Toronto Man Accused of $60 Million Ponzi Scheme

March 28, 2009 Updated: March 28, 2009

TORONTO—A prominent figure in Toronto’s Chinese community has been charged with orchestrating a $60-million Ponzi scheme, preying on ethnic Chinese victims in Canada, the U.S., and Mainland China.
The Ontario Securities Commission (OSC) alleges Weizhen Tang, owner of Weizhen Tang Corporation and Overseas Chinese Fund Ltd. Partnership, “provided investment advice and acted as a portfolio manager” without being registered under the Ontario Securities Act, and illicitly traded in securities.
The OSC froze his assets on March 17 and ordered that all trading activities cease.
Tang’s corporation website compares Tang to Warren Buffet and claims registration under the OSC. Also claiming to be operating “within the framework of the Ontario Securities Act,” the corporation promised weekly profits of one per cent to attract investors, each of whom were required to invest at least $150,000.
The Financial Post reports that an affidavit by OSC investigator Jeffrey Thomson, filed with the Ontario Superior Court of Justice in Toronto, said Tang failed to report to investors that he had lost US $15 million in 2007.
“Evidence obtained by staff demonstrates that recently Tang had been using new funds raised from investors to pay redemptions requested by previous investors,” stated documents filed by the OSC with the Superior Court on March 24.
The practice is also known as a Ponzi scheme, the same scheme used famously by Bernard Madoff, the former NASDAQ chairman who has pleaded guilty to taking tens of billions in what has been called the largest individual investor fraud ever.

Reports suggest victims of Tang’s alleged scheme could number 260.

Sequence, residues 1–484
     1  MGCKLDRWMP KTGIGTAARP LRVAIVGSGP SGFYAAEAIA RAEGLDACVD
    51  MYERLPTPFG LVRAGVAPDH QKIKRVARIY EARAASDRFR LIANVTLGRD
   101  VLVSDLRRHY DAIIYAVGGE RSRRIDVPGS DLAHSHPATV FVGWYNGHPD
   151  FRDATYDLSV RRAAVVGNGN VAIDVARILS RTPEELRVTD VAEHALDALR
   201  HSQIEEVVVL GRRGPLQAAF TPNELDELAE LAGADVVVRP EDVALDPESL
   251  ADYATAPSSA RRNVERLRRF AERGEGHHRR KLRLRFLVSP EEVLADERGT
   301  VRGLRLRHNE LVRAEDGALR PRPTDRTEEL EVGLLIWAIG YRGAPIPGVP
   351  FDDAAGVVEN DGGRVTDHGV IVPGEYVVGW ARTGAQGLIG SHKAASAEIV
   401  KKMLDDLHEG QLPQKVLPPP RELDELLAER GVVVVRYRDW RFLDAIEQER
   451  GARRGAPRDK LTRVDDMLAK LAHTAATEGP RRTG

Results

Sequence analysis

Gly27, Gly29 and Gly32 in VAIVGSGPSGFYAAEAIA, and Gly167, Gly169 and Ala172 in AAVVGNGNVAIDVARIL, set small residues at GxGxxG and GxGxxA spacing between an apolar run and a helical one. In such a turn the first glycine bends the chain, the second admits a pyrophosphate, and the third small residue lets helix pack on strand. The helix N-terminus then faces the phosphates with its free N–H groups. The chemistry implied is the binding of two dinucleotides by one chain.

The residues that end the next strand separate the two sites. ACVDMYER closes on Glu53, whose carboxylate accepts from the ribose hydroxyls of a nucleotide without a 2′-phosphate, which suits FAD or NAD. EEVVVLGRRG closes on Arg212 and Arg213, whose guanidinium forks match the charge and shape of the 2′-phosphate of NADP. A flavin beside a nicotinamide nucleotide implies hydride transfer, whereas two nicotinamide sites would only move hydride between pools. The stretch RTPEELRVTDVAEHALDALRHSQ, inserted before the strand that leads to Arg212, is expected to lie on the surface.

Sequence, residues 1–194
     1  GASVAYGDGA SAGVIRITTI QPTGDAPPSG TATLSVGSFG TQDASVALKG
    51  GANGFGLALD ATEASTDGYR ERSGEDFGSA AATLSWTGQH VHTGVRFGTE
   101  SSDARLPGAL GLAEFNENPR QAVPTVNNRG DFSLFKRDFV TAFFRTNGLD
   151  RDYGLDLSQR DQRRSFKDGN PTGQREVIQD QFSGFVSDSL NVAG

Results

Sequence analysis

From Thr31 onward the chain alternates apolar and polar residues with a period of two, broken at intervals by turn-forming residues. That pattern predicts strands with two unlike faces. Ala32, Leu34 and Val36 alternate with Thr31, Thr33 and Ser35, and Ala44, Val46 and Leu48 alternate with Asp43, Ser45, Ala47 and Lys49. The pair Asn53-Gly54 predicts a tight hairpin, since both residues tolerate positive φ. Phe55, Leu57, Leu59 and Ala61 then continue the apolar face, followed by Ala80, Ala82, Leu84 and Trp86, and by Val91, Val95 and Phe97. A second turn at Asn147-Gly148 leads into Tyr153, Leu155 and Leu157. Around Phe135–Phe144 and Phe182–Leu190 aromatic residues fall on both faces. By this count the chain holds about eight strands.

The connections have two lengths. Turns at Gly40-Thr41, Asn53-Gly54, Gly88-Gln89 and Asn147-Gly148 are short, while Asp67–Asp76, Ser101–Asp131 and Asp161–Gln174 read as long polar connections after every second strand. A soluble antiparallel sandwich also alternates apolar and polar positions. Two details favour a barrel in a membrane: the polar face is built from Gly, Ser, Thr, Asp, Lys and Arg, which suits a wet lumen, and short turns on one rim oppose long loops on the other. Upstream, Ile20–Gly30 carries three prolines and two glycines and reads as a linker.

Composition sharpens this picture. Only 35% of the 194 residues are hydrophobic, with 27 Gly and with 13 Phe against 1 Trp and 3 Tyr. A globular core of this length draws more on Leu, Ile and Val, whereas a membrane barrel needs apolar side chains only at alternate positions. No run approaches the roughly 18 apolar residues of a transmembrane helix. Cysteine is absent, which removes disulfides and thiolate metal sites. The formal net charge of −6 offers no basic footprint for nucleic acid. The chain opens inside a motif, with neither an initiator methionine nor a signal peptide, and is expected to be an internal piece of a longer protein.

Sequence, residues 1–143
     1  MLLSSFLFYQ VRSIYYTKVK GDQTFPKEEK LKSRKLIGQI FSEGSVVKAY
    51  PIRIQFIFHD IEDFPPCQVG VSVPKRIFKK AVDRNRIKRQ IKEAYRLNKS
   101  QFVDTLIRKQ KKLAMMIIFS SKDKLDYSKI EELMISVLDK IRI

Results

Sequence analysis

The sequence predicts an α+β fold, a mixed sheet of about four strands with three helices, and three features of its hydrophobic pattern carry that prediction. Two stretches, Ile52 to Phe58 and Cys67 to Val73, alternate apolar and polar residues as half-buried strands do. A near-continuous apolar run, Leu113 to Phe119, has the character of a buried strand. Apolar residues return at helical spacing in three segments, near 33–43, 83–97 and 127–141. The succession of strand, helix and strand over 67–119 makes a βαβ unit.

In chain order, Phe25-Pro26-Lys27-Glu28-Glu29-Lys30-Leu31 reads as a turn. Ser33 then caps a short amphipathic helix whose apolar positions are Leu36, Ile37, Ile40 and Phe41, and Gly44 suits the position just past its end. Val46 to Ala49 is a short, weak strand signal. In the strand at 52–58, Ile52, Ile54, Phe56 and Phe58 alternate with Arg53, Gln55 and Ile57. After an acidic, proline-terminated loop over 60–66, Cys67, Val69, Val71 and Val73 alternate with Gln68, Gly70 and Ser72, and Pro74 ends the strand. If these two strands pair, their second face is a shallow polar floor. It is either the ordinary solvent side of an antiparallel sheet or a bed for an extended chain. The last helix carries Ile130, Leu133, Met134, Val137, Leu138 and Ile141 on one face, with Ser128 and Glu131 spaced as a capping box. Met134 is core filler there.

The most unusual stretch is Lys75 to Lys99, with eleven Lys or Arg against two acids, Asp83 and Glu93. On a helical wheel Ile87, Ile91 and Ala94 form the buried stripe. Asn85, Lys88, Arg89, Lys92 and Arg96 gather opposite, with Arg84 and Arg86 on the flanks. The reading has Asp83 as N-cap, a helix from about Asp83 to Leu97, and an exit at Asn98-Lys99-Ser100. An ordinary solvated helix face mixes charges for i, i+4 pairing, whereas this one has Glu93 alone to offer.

Mr. Tang gained prominence in the Chinese community for his ardent and vocal support of the policies of the Chinese authorities.
He funded a pro-Beijing rally on Parliament Hill in Ottawa during the Tibetan unrest in March 2008, where he touted the regime’s line that occupation in Tibet had dramatically improved the lives of Tibetan people.

“They [Tibetans] violated the rules of their religion; they peeled the skin off humans, removed eyes, and cut off people's hands and feet. Such things could only happen under the Dalai Lama,” Tang said at the rally in referring to Tibetan life before the communist regime wrested control of the region.
In 2008, Mr. Tang also used his assets to fund a Chinese New Year event in Toronto backed by the Chinese Consulate, where then-Chinese Consul General Zhu Taoying made a lengthy address to the crowd.

For his part, Mr. Tang had been awarded by pro-Beijing associations in Toronto, praised by the consul general, and gained glowing press coverage in Chinese-language media both in Canada and in Mainland China.

The OSC will hold a hearing into Tang’s financial dealings on April 1 in Toronto.